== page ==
At the other end of the transactional equation, if you have been foolish enough to have sold goods or services to a municipality, the wait for payment is now six months. That’s up from 146 days in the previous financial year, whereas the government’s nominal terms are 30 days.

In the 2018/19 audit, performance reports of more than two-thirds of municipalities were found to be so flawed that they are “not credible enough for the council or public to use”. In other words, expensive works of fiction,

More than a quarter of municipalities have no road infrastructure plan, 41% have no water plan, and 41% no sanitation plan. The AG’s figures give statistical precision to any vague sense ratepayers might have that the neighbourhood is turning to shit.

It is telling that the AG singles out some municipalities by name for the cordiality and courtesy extended to his auditing teams.  For years, the AG has been reporting that that response to the AG’s teams has become more hostile, with threats and pressure.

No matter how optimistic a face Makwetu puts on it, the situation is bad and getting worse: “Now, in the third year of this [President Cyril Ramaphosa’s] administration, there was again a regression in the audit outcomes.” At another point in the report, he delicately qualifies the pervasive gloom: “It should be appreciated that there are some exceptions, a large number of which are concentrated in [Democratic Alliance-controlled] the Western Cape.”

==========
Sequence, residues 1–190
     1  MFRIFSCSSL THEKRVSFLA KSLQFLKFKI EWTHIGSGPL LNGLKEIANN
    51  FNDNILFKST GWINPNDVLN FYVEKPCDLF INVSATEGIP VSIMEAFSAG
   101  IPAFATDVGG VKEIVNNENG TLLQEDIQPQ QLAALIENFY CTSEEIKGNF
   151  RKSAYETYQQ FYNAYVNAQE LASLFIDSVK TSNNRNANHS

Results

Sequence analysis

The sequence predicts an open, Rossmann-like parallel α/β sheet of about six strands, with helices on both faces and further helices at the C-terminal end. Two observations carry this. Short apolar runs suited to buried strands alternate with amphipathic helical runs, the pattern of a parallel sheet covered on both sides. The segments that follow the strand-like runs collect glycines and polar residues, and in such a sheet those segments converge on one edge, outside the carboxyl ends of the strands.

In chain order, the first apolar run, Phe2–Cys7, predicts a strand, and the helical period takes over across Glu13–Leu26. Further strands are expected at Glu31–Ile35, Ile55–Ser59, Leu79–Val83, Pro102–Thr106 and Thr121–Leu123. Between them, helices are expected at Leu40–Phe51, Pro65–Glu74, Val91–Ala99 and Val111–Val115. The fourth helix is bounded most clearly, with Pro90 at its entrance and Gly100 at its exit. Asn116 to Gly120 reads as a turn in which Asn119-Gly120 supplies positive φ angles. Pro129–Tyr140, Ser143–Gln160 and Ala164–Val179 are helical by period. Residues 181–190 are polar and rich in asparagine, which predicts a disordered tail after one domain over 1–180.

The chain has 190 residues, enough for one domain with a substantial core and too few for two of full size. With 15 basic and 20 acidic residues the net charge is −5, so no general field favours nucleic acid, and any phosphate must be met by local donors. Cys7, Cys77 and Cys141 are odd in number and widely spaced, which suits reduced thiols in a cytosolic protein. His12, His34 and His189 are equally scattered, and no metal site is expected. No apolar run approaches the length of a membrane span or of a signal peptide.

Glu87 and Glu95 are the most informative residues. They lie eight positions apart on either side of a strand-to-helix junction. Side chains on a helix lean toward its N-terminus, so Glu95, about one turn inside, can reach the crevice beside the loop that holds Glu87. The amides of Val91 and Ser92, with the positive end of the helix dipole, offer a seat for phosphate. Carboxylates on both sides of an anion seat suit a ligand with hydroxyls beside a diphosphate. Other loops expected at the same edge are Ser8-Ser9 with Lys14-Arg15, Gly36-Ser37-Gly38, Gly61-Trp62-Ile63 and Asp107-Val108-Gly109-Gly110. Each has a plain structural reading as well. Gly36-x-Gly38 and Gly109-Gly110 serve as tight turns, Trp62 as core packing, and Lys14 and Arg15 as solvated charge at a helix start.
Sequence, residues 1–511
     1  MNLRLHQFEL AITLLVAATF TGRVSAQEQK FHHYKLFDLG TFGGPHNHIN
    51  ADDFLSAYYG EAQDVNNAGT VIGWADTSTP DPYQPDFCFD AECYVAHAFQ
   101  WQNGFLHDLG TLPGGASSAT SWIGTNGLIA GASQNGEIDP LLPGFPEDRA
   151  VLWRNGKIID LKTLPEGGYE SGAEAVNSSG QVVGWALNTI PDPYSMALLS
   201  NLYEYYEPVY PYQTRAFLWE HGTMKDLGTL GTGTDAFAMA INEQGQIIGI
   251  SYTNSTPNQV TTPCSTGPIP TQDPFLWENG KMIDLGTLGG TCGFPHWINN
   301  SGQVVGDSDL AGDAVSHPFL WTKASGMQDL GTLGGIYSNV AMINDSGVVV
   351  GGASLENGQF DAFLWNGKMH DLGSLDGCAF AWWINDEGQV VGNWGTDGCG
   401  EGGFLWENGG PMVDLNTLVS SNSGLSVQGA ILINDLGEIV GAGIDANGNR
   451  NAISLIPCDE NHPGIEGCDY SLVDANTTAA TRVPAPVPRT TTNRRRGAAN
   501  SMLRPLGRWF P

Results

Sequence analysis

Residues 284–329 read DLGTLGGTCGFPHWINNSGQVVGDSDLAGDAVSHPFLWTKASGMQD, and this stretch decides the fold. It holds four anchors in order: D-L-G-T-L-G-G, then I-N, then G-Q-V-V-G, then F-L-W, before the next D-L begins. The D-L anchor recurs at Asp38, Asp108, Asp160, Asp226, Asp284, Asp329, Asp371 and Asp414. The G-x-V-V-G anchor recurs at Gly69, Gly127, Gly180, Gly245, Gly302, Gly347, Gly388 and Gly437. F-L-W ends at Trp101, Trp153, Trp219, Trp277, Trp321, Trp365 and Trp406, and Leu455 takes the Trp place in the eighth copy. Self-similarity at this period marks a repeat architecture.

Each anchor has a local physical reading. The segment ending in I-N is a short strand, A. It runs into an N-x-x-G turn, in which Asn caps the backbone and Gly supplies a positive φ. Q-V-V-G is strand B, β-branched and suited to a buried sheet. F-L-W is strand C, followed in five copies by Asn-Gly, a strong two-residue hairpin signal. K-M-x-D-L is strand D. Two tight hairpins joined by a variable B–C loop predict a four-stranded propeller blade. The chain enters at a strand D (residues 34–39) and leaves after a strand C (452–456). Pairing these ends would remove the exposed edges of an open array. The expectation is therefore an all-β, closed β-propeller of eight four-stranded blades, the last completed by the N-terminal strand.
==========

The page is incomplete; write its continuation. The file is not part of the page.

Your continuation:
In 2013, a bad president mistakenly appointed a good Auditor-General. It will be interesting to see who is now chosen to fill Makwetu’s shoes.

As the seven years of government snubbing Makwetu’s findings show, it may not matter that much who is chosen. Any AG’s attempts to correct government behaviour is bedevilled by the fact that the ANC’s plight is now of such a magnitude that denial of there being a problem is the only way of coping.

Every year, there have been promises of improved oversight, performance management, and accountability. Every year matters have got worse.

The latest ANC solution — faithful to the party’s socialist fantasies — is a half-baked, poorly articulated plan for provincial command councils. In the same way that the country is at present run by the National Covid Command Council that is only vaguely overseen by Parliament, the mooted new command councils, also run by unelected party apparatchiks, will supposedly champion good governance in the provinces and municipalities that are slacking off.

Makwetu would know this for what it is. New shovelers, the same growing pile of manure.